Can a company/employer make you submit proof that you’re in school?

UPDATED: Oct 1, 2022

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Can a company/employer make you submit proof that you’re in school?

My employer is requesting that all employees submit a work schedule form asking information if you’re in school and the name of the school. Just recently, they have asked all employees who are in school to submit a separate form showing your classes, along with proof by attaching your class syllabus. They clam that this is mandatory and if I don’t submit this form my employer has the rights to assume I’m fully available to work. Can they really ask for a physical time line of my classes and proof of my syllabus?

Asked on February 8, 2019 under Employment Labor Law, California


M.D., Member, California and New York Bar / FreeAdvice Contributing Attorney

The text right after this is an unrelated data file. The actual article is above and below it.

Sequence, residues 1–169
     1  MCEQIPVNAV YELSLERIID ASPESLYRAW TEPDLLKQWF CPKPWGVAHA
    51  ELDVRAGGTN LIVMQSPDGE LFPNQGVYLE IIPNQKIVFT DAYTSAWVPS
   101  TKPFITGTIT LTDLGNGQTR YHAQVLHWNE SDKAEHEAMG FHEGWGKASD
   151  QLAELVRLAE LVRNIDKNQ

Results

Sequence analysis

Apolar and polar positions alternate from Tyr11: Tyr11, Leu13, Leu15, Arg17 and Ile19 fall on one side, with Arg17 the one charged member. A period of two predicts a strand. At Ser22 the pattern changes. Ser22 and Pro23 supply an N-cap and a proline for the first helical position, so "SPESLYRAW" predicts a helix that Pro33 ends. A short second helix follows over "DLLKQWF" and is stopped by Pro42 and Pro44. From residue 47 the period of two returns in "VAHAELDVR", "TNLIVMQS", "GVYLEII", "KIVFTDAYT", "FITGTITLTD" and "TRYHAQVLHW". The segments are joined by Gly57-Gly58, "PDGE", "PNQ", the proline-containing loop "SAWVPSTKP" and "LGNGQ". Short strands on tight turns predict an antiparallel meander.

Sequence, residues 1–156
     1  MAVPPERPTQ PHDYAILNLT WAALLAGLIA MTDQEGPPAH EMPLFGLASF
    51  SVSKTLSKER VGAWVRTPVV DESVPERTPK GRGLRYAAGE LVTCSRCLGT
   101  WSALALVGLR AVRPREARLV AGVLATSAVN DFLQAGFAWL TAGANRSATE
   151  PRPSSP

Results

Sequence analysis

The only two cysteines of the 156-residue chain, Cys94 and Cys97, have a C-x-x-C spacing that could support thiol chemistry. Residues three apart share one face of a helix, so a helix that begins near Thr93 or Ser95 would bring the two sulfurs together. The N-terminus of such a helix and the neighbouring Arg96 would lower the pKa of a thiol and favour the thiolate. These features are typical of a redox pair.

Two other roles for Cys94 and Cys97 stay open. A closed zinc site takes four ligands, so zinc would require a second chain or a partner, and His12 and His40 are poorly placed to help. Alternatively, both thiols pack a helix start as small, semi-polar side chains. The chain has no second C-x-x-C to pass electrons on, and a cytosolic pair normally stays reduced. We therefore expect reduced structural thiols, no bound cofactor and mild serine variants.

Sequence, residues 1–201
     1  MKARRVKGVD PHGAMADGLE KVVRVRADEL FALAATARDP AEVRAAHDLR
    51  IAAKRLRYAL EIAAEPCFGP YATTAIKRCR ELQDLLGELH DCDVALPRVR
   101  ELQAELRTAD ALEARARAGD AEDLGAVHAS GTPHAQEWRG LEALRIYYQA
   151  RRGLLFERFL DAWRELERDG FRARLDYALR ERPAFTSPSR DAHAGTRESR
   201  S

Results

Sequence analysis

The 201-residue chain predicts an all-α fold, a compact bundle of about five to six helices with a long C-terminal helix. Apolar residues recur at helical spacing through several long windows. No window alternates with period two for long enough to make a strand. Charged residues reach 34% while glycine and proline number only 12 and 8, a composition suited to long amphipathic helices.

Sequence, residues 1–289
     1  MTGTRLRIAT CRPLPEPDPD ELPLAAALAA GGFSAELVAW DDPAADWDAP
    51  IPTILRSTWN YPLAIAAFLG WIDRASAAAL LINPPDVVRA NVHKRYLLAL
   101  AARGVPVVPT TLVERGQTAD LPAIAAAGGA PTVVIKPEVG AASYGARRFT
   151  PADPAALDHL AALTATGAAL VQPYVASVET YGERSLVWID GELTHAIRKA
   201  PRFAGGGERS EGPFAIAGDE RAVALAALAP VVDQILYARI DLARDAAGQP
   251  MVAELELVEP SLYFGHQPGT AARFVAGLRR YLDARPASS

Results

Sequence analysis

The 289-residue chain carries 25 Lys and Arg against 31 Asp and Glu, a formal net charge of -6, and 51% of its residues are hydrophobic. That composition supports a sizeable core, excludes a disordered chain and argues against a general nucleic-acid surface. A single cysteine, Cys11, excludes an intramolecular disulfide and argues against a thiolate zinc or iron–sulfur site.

Answered 3 years ago | Contributor

Yes, your employer can ask this. Without an employment contract or union agreement, most work relationships are "at will" which means that a company can set the conditions of the workplacemuch as it sees fit (absent some form of legally actionable discrimination). This includes requiring a worker to submit their class schedule. If you refuse to comply with this mandate, then you can be terminated. In fact, you can be fired for any reason or no reason at all, with or without notice. 

IMPORTANT NOTICE: The Answer(s) provided above are for general information only. The attorney providing the answer was not serving as the attorney for the person submitting the question or in any attorney-client relationship with such person. Laws may vary from state to state, and sometimes change. Tiny variations in the facts, or a fact not set forth in a question, often can change a legal outcome or an attorney's conclusion. Although has verified the attorney was admitted to practice law in at least one jurisdiction, he or she may not be authorized to practice law in the jurisdiction referred to in the question, nor is he or she necessarily experienced in the area of the law involved. Unlike the information in the Answer(s) above, upon which you should NOT rely, for personal advice you can rely upon we suggest you retain an attorney to represent you.

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